Published online by Cambridge University Press: 15 September 2022
Fair value is the exit price, which is defined as the price that would be received to sell an asset or paid to transfer a liability. It is apparent from this definition that the exit price takes into account the perspective of the selling market participant, whereas the entry price, which is the price paid to buy an asset or the price received to assume a liability, takes into consideration the perspective of the buying market participant.
Certain International Financial Reporting Standards (IFRSs) (such as IFRS 3 or IFRS 9) stipulate that upon initial recognition, certain assets or liabilities should be measured at their fair value or based on their fair value. Similar provisions also exist within Accounting Standards Codification (ASC) 805 and ASC 815. In other words, for the purpose of measurement at initial recognition, the fair value is, in fact, calculated under the notional sale assumption. That is to say, the question of whether the reporting entity intends to hold the asset or the liability is irrelevant to the definition of fair value, which is measured under a sale assumption. The issue of the price that best represents the fair value was discussed during the development of IFRS 13 and ASC 820 in the context of selecting the entry price as a potential alternative to the definition of fair value upon initial recognition. Indeed, it was decided to reject this alternative, among other reasons, on the grounds that when the buying and selling are performed in the same market, in the same manner and on the same date, the exit price from the perspective of market participants equals the entry price (for more information, see Chapter 8). Nevertheless, the cases for which the exit price is not necessarily the price that best reflects the objective of the measurement were excluded from the scopes of IFRS 13 and ASC 820 (for more information, see Chapter 2, Sections 2.1– 2.4).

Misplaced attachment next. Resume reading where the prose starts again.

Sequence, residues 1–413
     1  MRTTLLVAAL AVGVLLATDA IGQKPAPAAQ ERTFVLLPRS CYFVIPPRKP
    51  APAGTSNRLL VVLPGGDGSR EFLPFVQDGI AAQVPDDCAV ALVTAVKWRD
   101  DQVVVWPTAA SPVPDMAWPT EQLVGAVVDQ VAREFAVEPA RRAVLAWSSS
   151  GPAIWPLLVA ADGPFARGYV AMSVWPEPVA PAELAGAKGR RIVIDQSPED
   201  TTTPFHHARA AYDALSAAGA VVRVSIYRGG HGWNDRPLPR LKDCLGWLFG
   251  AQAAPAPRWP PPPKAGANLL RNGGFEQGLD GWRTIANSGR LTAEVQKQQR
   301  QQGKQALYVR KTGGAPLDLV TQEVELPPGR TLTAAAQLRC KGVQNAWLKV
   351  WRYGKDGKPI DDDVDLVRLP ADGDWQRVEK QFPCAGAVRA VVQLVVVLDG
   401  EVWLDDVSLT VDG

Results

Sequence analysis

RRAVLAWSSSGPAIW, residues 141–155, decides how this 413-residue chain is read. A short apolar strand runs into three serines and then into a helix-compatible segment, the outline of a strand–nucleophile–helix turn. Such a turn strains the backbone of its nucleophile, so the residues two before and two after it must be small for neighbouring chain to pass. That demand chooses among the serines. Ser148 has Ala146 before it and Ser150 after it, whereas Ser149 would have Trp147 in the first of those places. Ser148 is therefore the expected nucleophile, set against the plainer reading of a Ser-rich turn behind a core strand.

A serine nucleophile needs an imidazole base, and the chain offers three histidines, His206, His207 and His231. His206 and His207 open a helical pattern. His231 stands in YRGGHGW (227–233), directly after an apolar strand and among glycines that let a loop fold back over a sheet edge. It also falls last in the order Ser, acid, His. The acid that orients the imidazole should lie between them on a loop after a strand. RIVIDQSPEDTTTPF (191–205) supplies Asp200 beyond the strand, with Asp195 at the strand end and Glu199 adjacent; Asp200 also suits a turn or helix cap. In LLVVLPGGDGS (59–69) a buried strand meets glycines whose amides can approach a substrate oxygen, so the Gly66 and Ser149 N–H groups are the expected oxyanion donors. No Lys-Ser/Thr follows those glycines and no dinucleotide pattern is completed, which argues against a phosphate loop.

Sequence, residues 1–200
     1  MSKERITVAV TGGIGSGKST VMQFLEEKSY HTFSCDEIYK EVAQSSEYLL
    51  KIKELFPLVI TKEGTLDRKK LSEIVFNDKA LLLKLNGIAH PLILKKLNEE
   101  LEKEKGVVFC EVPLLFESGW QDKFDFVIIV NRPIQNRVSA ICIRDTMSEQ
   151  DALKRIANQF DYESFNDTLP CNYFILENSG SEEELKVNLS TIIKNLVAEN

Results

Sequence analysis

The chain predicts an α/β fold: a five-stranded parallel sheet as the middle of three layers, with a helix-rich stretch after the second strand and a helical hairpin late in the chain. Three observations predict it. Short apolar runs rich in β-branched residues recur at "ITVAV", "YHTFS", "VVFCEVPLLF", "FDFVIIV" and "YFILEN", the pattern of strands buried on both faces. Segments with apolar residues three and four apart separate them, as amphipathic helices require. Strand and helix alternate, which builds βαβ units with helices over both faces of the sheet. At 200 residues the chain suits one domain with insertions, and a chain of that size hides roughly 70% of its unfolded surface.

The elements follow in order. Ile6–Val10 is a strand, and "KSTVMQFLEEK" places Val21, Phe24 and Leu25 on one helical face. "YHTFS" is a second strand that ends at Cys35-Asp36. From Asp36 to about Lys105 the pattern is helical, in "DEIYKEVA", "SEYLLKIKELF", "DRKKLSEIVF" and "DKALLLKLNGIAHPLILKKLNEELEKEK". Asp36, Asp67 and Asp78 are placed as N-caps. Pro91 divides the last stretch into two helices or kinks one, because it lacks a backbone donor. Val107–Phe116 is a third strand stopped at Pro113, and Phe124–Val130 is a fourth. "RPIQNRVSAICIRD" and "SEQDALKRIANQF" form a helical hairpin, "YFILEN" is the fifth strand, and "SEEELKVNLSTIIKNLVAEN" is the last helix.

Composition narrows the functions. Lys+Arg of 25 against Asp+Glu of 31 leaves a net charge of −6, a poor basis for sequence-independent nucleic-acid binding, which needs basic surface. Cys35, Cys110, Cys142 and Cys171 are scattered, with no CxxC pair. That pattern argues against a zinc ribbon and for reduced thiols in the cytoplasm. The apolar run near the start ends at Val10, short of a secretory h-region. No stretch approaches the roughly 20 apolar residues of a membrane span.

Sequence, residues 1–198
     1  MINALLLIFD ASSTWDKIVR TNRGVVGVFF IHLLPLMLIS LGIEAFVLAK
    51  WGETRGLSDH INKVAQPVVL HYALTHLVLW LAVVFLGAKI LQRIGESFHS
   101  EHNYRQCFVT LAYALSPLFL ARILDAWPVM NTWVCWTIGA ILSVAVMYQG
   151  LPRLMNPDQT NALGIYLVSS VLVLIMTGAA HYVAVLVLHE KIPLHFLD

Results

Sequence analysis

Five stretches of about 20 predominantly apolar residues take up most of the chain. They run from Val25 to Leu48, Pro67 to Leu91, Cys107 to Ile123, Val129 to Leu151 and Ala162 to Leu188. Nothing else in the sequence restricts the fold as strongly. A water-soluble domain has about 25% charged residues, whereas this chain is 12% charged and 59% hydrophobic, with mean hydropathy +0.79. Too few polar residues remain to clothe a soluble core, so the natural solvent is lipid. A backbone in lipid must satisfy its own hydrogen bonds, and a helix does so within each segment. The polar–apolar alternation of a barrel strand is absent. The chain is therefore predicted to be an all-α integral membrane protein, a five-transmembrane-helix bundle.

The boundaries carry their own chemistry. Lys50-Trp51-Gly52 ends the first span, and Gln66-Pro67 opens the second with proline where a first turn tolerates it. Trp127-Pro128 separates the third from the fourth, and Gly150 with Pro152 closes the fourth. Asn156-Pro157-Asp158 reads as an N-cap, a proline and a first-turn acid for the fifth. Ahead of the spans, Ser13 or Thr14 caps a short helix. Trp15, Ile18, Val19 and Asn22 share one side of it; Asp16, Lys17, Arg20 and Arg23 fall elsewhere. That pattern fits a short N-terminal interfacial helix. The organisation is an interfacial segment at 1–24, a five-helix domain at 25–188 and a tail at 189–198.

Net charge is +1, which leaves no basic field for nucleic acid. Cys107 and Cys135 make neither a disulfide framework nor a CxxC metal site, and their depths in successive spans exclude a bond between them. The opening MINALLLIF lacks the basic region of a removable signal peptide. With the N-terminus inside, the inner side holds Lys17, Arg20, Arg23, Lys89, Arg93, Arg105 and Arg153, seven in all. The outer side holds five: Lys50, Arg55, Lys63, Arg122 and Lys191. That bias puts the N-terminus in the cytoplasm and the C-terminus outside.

IFRS 13 and ASC 820 refer specifically to adjustments to the transaction price and stipulate that the price in the principal (or most advantageous) market used to measure the fair value of the asset or liability shall not be adjusted for transaction costs. In other words, the transaction price should not be reduced when the transaction involves an asset, and it should not be increased when the transaction involves a liability.